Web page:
Manchester United continue to struggle for consistency but emerge triumphant as a team of two halves

Only this Manchester United could put together two halves that encourage wildly different conclusions in isolation.

Part one of this Rorschach test was all too familiar. Laboured, clumsy in possession, spared by embarrassment by David de Gea. Second best to an effervescent team boasting functional, hardworking footballers in red, playing to a very clear plan at a state of the art stadium in front of an entrusting crowd? United fans can only dream.

The second was also quite familiar. What we know of this United team over previous seasons is they have players who can operate independently of whatever excuse of a tactic they are adopting. Instructions and structure? Not for this lot. You don’t go to Second City for the scripts.

Mash them together and you get what transpired at the Brentford Community Stadium on Wednesday night. A magic eye of a 3-1 win that looks either convincing or fortuitous depending on which angle you’re gazing upon it. Even in a results industry, and a result that moves United two points off the top four, it was hard to tot this up as an outright success.

As much was this a meeting of different mights, one more instructive quirk was a difference relating to their managers. What we know of modern football is that player power means they no longer fear their bosses in the way they may have used to. Thus the key for anyone trying to get the Gen Z footballer to cede to their whims is to convince them to do so out of the goodness of their hearts. And even given their respective struggles – Brentford’s four league defeats in their last five; United’s one loss and two draws across the same stretch – one group are clearly far more willing to meet their coach halfway than the other. Both Thomas Frank and Ralf Rangnick know which one is which.

United always seem to save their most insipid performances for teams in the lower half of the table, almost to exacerbate their modern funk. As if they get a cut from the usual tropes of asset comparisons that do tremendous numbers on socials media (a squad with a market value of £783million up against just £190m, if you’re wondering). More alarming are the numbers contained within the games. On this occasion, Brentford had outshot their vastly wealthier opponents three to nil in the first half, boasting a superior expected goals ratio of 1.15 to 0.22.

But you didn’t need an abacus to tally Brentford’s superiority during the opening period. This was largely the best of them under Frank: if not winning every ball, then almost always ensuring the subsequent United pass was in some way awry. They were sharp going forward, in sync knowing where each other was and so clear in movement and execution, with energy levels to match. What was particularly notable was how they targeted United’s right side, which was often a man light as Bruno Fernandes roamed elsewhere.

The only thing missing for Brentford, as ever, was a more clinical edge. And as Mathias Jensen had a trio of efforts on goal – two in the first half he should have converted – the host’s mortality, exemplified by just 12 goals in the 10 home games in the league prior to this one, was ripe for exploitation by opponents boasting such individual quality.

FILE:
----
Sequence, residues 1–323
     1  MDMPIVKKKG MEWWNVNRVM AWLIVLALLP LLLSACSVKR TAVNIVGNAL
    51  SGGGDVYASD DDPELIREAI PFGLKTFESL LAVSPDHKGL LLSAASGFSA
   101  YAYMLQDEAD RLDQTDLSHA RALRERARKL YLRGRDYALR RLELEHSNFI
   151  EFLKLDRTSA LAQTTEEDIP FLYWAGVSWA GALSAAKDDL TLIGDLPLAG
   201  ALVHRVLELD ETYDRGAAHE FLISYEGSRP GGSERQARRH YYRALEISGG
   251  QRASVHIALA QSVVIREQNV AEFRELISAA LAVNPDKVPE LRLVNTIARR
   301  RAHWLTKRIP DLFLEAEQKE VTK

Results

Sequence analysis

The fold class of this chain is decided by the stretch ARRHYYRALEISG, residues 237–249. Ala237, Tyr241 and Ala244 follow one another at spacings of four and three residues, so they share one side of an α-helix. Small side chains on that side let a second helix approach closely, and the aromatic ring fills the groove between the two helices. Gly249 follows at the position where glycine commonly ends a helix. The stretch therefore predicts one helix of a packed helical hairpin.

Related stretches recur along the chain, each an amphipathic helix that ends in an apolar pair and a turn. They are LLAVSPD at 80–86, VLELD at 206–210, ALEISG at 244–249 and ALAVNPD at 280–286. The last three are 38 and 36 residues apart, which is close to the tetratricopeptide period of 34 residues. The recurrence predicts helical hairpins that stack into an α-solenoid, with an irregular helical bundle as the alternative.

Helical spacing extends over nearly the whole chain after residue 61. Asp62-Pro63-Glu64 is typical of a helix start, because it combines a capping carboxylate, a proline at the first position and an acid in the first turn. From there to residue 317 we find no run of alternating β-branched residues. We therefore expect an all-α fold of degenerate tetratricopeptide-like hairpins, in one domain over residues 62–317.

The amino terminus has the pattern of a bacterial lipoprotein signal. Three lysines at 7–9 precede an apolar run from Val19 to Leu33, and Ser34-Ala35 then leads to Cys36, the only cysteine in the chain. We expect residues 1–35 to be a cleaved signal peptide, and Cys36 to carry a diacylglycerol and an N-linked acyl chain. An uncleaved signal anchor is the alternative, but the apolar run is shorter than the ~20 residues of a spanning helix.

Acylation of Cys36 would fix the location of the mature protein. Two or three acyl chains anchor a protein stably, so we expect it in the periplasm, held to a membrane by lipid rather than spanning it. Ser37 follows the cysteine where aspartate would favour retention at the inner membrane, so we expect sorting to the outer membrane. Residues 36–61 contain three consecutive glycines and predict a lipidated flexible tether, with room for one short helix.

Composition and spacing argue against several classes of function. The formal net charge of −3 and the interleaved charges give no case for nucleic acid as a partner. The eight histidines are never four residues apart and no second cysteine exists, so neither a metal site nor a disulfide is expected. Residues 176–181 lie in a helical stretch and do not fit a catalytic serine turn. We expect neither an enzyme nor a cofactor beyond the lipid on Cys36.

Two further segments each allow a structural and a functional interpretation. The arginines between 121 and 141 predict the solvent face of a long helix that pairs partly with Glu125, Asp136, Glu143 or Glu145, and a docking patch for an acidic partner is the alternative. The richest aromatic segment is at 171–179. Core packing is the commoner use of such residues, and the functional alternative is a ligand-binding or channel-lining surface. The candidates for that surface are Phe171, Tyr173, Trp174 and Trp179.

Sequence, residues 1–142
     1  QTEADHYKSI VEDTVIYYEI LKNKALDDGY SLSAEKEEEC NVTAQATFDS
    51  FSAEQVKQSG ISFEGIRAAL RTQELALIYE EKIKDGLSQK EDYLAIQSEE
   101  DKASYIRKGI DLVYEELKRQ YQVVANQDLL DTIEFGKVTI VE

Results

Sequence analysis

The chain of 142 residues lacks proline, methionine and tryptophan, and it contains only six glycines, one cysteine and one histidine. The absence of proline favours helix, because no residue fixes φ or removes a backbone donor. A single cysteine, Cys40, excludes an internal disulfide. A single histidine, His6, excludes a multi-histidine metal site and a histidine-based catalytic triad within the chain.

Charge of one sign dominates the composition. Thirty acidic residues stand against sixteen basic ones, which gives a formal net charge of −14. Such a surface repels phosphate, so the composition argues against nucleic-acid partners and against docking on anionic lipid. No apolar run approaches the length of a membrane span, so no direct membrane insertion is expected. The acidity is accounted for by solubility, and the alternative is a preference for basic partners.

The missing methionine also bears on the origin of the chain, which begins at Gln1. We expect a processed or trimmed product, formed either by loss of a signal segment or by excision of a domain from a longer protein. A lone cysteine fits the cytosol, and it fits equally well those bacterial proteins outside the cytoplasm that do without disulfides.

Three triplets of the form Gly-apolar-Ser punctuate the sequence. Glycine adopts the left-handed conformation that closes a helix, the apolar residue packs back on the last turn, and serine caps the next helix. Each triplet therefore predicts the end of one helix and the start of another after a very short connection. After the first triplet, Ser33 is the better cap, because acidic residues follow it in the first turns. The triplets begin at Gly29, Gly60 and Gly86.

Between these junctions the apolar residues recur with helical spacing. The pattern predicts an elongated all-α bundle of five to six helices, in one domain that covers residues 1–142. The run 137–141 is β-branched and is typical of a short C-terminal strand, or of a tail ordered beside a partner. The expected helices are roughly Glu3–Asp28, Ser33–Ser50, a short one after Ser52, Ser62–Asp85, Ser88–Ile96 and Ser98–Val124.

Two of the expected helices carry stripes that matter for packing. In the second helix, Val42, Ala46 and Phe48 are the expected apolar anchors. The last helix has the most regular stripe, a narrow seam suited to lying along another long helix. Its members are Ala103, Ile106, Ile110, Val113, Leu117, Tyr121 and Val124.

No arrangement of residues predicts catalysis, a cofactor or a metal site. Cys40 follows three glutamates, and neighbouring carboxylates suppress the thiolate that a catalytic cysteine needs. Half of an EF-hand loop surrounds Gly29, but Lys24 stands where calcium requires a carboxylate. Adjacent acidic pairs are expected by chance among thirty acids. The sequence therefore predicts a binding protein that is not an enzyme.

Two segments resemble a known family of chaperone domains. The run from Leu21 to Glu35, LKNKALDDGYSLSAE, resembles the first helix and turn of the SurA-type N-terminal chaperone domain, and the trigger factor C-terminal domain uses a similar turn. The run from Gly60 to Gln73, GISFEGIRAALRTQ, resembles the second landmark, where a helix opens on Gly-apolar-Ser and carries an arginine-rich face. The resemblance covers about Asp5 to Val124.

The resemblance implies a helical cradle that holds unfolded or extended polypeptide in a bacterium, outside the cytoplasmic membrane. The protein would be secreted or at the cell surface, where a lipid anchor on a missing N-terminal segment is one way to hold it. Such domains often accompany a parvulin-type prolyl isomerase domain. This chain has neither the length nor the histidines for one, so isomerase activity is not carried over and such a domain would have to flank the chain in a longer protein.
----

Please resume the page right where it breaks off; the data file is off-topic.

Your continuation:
In the space of seven second-half minutes, United were 2-0 up. Fred’s perfect ball over the top was flicked up then headed in by Anthony Elanga. Cristiano Ronaldo’s imperious chest set Fernandes through for an easy lay on for Mason Greenwood to finish into an empty net. Two moments of brilliance – two goals, with the first two shots on target.

From that point, it was a different game. Brentford could not really do more, beyond committing more men forward. Which they did, resulting in Marcus Rashford’s third.

While we’re talking about individuals coming to the fore, it is only right Rangnick gets some of his own credit, too. Whatever was said at half-time was heeded, especially if it was encouragement for United to play that little bit snappier and have a little more conviction going forward. The ponderous side that slinked into the changing rooms at the break did not emerge after.

Arguably more impressive was changing the 4-2-3-1 to a 5-3-2 on 71 minutes. The tweak ensured United were less porous, and also gave a chance for Rangnick to flex his managerial courage by withdrawing Ronaldo, for Harry Maguire, no less.

Indeed as Rashford celebrated his first goal since 30 October, Rangnick was offering condolences to Ronaldo for having to watch from the bench as the clear spaces in the final third were to someone else’s gain. Further along sat Anthony Martial, fresh from clearing the air with the manager earlier in the week after opting out of the squad that relinquished a 2-0 lead against Aston Villa on the weekend.

The first 45 minutes speak of the issues that remain, but it is the second 45 that will matter most. With control assumed, a game won and a public showing that, though tactical cohesion is still a work in progress, diplomacy and cooperation are not a lost cause with this team.

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